But there's an even larger issue here. Dan, like other M2C promoters, has explicitly rejected the statements of all three of the Three Witnesses regarding the New York Cumorah.

M2C constitutes a repudiation of the teachings of the very Three Witnesses whose testimony accompanies every copy of the Book of Mormon. All three--David Whitmer, Oliver Cowdery, and Martin Harris--identified the "hill in New York" as Cumorah. One of Oliver's missionary companions, Parley P. Pratt, noted that it was Moroni himself who called that hill Cumorah anciently. And Joseph referred to the hill as Cumorah even before he got the plates.

According to Dan and the other M2C advocates, all of these people (as well as LDS Church leaders since) were wrong. They were victims of a false tradition that started even before the Book of Mormon was published.

And we're all supposed to believe Dan and the M2C scholars because... I suppose because if we don't, we're also "exceptionally stupid" to believe the teachings of the prophets.

Here's a link to Dan's post:


Key excerpt:

our Irish friend Robert Boylan, who might understandably be more attentive to Catholic criticisms of Mormonism because of his location near Dublin, has located what surely has to rank as one of the most obviously laughable anti-Mormon arguments that I’ve ever seen, and it’s from a Catholic:
If you click on that link, you get this blog post:

On a Catholic apologetics page, Mormonism and it's [sic] Mythology, we read the following question that is supposedly unanswerable for any Mormon:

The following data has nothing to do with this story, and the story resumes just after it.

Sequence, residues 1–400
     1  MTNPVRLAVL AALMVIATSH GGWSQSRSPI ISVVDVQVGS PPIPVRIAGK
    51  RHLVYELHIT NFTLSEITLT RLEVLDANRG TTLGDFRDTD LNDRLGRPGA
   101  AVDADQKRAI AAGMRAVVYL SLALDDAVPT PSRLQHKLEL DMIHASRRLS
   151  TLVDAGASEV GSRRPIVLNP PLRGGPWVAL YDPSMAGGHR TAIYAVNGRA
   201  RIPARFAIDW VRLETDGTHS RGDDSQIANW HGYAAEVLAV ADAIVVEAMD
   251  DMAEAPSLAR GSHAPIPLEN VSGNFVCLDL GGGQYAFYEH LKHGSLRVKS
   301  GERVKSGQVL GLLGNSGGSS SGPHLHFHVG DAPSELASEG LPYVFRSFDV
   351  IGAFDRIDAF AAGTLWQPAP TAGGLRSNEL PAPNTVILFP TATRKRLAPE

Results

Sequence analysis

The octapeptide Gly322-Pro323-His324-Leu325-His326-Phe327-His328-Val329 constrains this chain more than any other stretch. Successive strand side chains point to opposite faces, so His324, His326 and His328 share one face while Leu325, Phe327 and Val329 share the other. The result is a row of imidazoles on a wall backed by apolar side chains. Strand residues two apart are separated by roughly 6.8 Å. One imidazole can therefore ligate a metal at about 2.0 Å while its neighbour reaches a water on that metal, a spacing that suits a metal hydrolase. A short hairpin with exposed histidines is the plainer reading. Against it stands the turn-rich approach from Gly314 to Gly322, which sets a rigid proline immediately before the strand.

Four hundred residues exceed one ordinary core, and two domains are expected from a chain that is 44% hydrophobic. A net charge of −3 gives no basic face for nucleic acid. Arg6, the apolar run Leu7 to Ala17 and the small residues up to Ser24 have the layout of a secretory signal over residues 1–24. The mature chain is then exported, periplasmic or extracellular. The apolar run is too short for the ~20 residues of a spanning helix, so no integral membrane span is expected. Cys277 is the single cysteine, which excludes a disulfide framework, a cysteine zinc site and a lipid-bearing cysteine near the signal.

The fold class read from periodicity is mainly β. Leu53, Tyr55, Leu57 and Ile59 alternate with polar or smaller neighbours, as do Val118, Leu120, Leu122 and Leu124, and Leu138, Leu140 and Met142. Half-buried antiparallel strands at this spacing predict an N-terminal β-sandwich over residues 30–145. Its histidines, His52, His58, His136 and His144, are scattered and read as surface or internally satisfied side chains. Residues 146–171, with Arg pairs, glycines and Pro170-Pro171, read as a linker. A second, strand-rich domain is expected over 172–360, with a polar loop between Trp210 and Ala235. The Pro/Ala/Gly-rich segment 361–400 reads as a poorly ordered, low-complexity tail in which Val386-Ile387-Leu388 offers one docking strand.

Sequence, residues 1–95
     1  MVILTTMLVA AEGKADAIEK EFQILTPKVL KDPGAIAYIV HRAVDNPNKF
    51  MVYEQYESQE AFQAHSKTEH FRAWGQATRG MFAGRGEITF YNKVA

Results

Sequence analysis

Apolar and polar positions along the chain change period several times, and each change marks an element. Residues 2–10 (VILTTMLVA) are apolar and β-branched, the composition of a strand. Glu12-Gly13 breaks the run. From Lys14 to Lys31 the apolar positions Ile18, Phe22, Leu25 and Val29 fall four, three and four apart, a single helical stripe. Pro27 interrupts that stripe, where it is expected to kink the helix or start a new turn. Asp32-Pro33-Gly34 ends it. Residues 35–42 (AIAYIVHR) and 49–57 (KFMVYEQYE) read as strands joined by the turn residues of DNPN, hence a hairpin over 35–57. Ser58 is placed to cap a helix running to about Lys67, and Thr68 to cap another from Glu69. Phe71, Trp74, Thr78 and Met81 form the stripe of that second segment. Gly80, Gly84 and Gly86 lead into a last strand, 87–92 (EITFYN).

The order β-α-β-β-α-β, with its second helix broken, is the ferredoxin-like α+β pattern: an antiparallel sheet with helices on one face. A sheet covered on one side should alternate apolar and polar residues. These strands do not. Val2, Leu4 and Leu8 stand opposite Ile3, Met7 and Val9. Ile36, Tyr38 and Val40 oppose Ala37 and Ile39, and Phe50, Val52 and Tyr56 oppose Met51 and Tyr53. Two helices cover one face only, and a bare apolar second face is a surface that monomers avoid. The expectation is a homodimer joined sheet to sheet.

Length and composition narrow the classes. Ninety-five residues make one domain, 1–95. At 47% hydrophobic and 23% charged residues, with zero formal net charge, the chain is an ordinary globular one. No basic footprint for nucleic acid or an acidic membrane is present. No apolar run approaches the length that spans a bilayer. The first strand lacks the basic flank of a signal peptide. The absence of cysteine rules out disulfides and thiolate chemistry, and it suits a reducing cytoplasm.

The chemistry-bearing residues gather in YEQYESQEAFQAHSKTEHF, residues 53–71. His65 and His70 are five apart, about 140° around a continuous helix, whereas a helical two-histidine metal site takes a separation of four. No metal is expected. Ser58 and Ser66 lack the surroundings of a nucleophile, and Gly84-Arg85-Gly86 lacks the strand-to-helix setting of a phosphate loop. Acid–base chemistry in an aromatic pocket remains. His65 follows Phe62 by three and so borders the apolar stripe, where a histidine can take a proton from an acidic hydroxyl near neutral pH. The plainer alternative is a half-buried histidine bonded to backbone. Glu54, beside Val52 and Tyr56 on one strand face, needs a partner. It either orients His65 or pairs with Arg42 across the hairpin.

Why did Smith's three main witnesses, Cowdrey, Davis and Scales write the book, "Who Really Wrote the Book of Mormon? (Vision House Publishers, 1977)? Why did they leave the Mormon Church, even though they claimed to have seen Smith’s tablets?

I am sorry, but this has got to be one of the dumbest arguments ever raised! Wayne L. Cowdery, Howard Davis, and Donald Scales were three authors of an anti-Mormon book released in the late 1970s; they were not the three witnesses of the gold plates and the angel Moroni! They were all born in the 20th century, well after the publication of the Book of Mormon and the time of Joseph Smith (d. 1844).

The actual three witnesses were Oliver Cowdery (d.1850), Martin Harris (d. 1875), and David Whitmer (d. 1888). For a scholarly discussion of the Three and Eight Witnesses, see Richard L. Anderson, Investigating the Book of Mormon Witnesses (Salt Lake City: Deseret Book, 1981).

For a review of the second edition of Who Really Wrote the Book of Mormon?, see Matthew P. Roper, The Mythical "Manuscript Found"

In his post, Dan the Interpreter spends some time criticizing the book Who Really Wrote the Book of Mormon, with his usual ad hominem logical fallacies, such as this:

Incidentally, the Cowdrey, Davis, and Scales book to which Brother Boylan refers was pretty funny even back when it was published in 1977, both because it was deliciously awful and because Wayne Cowdrey was claiming to be a descendent of Oliver Cowdery.